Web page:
- Engine Lathe Operation – Basic lathe construction; single point tool geometry; high-speed and carbide tool applications; lathe operations, including, turning, facing, grooving, boring, drilling, reaming, threading, taper turning, knurling and cut-off; and safety
- Tool-Room Milling Machine Operation – Vertical mill construction and operation, end milling, side milling, key ways, boring and counter-boring, drilling and reaming, and safety
- Surface and Cylindrical Grinding – Basic construction and operation, wheel selection, work-holding methods and grinder safety
- Metallurgy – Properties and applications of both ferrous and non-ferrous metals
- Mathematics – Fractions, decimals, ratio and proportion, cutting speeds and feeds, basic algebra, geometry and trigonometry
- Jig and Fixture Design – Describe the basic functions of jigs and fixtures, explain the difference between locators and supports, select appropriate clamping mechanisms
- Computer Assisted Manufacturing (CAM) – Utilize CAM programs such as Feature-Cam to produce tool-paths for Computer Numerically Controlled (CNC) lathes and milling machines.
- Computer Numerical Control (CNC) – Set up and operate CNC lathes and milling machines using Computer Assisted Manufacturing tool-paths.
- Electrical Discharge Machines (EDM) – Describe the principles of EDM operation, compare electrode materials, discuss electrode machining methods, determine flushing requirements, and relate spark frequency to surface finish and metal removal rates.
Estimated Program Cost
# of Credits for Completion12Tuition$1638.00Materials/Supplemental Costs$385.00Other Costs$0.00Total Estimated Program Costs:
(book costs not included)$2023.00
Graduate Report Summary Overview
2017 Number of Program Graduates 1 Number of Surveys Sent Number of Surveys Returned Percent of Surveys Returned Available for Employment 0 Percent Available for Employment Not in Labor Market 0 Percent Not in Labor Market Available for Employment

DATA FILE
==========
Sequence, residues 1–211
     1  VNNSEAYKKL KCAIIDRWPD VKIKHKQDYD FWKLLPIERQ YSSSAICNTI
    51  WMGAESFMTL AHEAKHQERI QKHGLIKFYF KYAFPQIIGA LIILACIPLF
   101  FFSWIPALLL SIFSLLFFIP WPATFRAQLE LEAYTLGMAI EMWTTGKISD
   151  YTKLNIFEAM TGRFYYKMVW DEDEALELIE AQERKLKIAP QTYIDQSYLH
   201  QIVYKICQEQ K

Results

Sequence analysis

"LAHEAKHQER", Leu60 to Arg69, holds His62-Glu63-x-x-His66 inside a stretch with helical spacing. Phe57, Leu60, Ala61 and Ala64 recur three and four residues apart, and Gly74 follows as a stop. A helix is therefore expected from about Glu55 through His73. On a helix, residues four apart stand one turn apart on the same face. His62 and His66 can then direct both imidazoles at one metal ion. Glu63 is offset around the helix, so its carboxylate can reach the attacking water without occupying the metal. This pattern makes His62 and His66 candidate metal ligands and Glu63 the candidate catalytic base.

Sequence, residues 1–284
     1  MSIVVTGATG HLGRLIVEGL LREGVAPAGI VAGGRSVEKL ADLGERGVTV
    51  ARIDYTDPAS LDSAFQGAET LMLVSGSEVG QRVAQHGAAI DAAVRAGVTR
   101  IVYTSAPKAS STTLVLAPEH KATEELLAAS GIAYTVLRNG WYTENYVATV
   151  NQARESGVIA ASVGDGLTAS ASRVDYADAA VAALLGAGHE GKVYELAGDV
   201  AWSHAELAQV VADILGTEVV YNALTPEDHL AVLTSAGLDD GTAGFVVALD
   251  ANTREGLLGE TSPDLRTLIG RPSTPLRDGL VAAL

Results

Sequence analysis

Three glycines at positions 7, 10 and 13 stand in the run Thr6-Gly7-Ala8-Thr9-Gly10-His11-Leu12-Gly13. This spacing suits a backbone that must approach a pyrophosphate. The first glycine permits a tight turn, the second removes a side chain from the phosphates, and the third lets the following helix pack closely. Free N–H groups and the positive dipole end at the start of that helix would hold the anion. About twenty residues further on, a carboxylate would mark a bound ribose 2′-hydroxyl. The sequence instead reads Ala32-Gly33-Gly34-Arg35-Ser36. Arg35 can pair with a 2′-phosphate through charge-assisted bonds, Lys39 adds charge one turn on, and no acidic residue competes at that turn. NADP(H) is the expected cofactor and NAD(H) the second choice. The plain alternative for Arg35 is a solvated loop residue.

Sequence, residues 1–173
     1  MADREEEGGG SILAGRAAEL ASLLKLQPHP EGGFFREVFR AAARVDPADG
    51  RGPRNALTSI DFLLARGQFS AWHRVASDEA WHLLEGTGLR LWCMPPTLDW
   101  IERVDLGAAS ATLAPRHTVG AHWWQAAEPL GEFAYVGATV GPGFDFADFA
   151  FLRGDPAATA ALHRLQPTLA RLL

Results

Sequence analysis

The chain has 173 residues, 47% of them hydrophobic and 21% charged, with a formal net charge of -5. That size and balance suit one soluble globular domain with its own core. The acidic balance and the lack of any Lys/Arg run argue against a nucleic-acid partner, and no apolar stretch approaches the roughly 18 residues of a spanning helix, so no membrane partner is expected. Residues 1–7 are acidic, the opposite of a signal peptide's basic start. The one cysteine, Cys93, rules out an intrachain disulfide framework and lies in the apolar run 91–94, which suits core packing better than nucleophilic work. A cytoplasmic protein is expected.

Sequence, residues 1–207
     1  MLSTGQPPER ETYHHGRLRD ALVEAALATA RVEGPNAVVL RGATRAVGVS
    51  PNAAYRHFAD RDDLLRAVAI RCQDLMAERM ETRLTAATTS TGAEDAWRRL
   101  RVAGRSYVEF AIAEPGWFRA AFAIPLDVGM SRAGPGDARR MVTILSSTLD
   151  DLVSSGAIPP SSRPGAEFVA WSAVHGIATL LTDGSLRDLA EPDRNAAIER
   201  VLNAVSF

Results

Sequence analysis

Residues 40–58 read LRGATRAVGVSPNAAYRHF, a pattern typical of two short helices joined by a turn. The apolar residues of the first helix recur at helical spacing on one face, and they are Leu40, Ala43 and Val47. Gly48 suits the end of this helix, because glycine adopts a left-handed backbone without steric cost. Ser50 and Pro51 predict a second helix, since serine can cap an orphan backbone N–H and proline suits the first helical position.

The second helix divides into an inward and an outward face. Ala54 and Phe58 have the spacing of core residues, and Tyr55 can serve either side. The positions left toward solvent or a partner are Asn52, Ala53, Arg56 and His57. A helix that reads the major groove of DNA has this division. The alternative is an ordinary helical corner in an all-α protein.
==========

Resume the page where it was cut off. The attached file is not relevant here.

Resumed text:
2017 Graduates Employed 0 Percent of Graduates Employed Employed in Related Occupation 0 Percent Employed in Related Occupation Employed in Unrelated Occupation 0 Percent Employed in Unrelated Occupation Employed - No Response 0 Percent Employed - No Response Seeking Employment 0 Percent Seeking Employment Reaction To Training at Madison College
2017 Student satisfaction Mean (Out of 4) 0 0 0 Number of Satisfaction Responses 0 Very Satisfied 0 Percent Very Satisfied Satisfied 0 Percent Satisfied Unsatisfied 0 Percent Unsatisfied Very Unsatisfied 0 Percent Very Unsatisfied Primary Reason for Attending Madison College
2017 Number of Primary Reason Responses 0 Preparation for Getting a Job 0 Percent Preparation for Getting a Job Career Change 0 Percent Career Change Improvement of Existing Skills 0 Percent Improvement of Existing Skills Preparation for Further Education 0 Percent Preparation for Further Education Personal Interest 0 Percent Personal Interest Other 0 Percent Other When Employment was Obtained
2017 Number of When Employment Obtained Responses 0 Before Enrollment 0 Percent Before Enrollment While Attending the College 0 Percent While Attending the College After Training at the College 0 Percent After Training at the College Location of Employment (related and unrelated)
2017 Number of Employment Location Responses 0 In College District 0 Percent In College District In Wisconsin, Not in District 0 Percent of In Wisconsin Outside of Wisconsin 0 Percent Outside Wisconsin Employer Location Unknown 0 Percent Location Unknown Salary Trend Salary Trend 2017 Full Time Employment (Related Job) Full Time Salary Count Average Monthly Wage Average Hourly Wage Average Work Hours per Week Part Time Employment (Related Job) Part Time Salary Count Average Hourly Wage Average Work Hours per Week